- Private information must remain private, unless otherwise authorized by the source. The consequences of revealing private information can be dire, and to do so breaches the code of always ensuring participants are aware of their statements being used. If the information is in the public domain (on social media), it is fair to use.
Be Accountable and Transparent
- Keep audience in the know. All processes and practices should be explained, especially with regards to ethics involved in controversial issues.
- True identity should be revealed at all times. Journalists should not conceal their identities unless information cannot be uncovered any other way. Any form of deception must be explained to the public.
- Acknowledge mistakes and explain corrections. This ties into the concept of reporting truth. All mistakes should be accepted on behalf of the accountable journalist(s) and all corrections must be made in plain sight.
- Any monetary exchange must be made public along with associated reasons. Understandably, some sources will refuse to make statements without some sort of compensation. However, these statements have the potential to be loaded with bias, and the public needs to be made aware of this interaction.
- Any offers of money, free travel, or any other valuable gifts must be refused. Upon accepting these, the publication can be deemed unfair, impartial, or not credible.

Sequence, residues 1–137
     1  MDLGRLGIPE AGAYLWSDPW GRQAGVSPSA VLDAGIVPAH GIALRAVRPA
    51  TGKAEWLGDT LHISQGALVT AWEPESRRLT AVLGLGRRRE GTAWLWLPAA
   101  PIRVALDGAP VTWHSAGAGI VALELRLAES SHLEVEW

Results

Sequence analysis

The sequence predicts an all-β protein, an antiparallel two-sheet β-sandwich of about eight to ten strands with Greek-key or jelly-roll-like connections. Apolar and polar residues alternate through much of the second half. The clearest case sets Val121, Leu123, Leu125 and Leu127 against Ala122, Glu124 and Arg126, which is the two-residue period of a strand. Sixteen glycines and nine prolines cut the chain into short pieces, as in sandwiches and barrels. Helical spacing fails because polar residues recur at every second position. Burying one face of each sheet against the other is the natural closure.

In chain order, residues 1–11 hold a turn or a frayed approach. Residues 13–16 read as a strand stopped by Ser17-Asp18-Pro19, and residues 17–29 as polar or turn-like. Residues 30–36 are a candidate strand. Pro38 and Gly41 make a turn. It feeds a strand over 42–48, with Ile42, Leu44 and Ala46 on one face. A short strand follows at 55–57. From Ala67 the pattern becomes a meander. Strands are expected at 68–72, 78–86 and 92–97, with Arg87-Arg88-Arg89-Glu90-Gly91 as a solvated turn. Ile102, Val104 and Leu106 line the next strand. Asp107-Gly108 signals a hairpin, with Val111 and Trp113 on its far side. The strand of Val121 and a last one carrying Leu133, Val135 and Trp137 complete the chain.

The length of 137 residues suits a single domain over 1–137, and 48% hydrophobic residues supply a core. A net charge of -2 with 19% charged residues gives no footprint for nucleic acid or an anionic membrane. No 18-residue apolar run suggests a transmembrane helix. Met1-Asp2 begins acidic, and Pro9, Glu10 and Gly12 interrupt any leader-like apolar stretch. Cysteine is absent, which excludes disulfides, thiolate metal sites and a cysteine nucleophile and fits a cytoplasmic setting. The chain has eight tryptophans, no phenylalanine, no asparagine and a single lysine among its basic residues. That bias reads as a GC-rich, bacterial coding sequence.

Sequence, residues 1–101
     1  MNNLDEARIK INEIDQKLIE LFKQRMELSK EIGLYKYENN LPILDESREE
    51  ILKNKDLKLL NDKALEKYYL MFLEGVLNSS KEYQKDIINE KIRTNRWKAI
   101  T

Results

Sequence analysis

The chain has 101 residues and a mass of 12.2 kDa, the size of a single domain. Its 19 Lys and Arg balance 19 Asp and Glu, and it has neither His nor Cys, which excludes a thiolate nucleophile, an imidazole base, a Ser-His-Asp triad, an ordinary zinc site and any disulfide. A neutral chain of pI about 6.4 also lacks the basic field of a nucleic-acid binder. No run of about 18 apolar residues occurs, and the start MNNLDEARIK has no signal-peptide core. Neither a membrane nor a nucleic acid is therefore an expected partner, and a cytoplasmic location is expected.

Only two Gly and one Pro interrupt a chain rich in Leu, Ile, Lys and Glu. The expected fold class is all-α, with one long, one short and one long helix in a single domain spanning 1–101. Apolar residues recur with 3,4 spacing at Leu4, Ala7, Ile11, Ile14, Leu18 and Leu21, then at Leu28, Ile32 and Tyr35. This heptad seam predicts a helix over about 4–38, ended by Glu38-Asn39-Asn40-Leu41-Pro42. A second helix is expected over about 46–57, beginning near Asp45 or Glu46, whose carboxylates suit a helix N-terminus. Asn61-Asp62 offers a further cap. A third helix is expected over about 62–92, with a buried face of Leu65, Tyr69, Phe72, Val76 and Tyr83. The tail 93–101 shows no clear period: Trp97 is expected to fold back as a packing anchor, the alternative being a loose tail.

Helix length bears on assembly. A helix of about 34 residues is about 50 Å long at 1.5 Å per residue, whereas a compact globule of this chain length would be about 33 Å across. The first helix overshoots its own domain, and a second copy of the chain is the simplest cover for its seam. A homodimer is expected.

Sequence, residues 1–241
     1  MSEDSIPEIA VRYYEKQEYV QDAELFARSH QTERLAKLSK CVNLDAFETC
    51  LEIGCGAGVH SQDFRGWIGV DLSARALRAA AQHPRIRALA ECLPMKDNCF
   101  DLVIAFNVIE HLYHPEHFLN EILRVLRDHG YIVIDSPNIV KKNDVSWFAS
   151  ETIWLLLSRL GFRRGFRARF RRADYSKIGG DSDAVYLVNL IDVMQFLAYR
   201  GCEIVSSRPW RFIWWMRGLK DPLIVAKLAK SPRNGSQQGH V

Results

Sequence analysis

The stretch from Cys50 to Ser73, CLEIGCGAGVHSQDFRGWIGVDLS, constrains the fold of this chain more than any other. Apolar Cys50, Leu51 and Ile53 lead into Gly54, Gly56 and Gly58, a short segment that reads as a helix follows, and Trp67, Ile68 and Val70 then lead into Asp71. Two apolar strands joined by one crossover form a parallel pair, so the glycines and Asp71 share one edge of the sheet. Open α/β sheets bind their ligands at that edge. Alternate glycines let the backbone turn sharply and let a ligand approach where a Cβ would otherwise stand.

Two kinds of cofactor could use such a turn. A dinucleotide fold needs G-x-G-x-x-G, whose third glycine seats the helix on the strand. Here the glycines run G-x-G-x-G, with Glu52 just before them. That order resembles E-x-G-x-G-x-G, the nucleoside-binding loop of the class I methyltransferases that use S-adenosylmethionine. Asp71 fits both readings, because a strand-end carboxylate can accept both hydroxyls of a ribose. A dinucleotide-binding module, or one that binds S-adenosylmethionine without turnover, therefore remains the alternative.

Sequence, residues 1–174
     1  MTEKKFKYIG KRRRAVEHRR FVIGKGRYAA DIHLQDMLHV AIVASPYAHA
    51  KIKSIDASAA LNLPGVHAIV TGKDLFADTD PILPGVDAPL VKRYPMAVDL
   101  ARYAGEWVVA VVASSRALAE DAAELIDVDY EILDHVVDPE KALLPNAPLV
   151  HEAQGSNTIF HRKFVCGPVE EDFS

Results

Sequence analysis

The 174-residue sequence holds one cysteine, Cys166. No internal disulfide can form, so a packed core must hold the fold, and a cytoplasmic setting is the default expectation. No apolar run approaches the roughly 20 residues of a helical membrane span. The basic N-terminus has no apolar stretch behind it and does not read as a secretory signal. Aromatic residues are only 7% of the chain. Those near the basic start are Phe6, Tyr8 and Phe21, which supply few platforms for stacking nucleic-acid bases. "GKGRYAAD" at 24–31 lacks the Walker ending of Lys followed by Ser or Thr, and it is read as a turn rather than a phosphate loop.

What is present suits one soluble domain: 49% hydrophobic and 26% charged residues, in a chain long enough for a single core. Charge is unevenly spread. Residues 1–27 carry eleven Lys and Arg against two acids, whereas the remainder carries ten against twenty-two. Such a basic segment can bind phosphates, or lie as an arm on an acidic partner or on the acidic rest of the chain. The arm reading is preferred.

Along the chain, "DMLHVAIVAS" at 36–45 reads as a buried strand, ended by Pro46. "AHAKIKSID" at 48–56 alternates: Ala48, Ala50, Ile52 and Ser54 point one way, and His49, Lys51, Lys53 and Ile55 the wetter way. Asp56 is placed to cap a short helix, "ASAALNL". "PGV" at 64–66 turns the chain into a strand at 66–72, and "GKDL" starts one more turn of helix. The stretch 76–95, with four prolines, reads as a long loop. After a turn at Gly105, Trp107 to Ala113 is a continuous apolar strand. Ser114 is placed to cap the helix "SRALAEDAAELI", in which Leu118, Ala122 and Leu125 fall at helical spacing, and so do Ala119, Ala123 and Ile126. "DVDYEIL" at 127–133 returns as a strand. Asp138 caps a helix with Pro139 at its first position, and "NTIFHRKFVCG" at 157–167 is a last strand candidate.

- Sponsors and other various sources must be denied special treatment. Any act in favour of these parties presents itself as an act of bias.
- Report the truth when necessary, even if there are conflicts. Occasionally, situations will arise in which conflicts occur between the journalist and sources, the government, or even employers. However, if it’s in the public’s best interest, the priority should always be to seek and explain the truth of a situation.
- Pay your own way. Whenever possible, journalists should fund their own means of acquiring information. If this is not possible, and payments must be accepted, this should be made public to the audience as well as the sponsor providing the funds.
- Information obtained should not be shared. This should be kept private by all means, unless collaboration with individuals outside of the media source is necessary to secure the facts and establish the truth.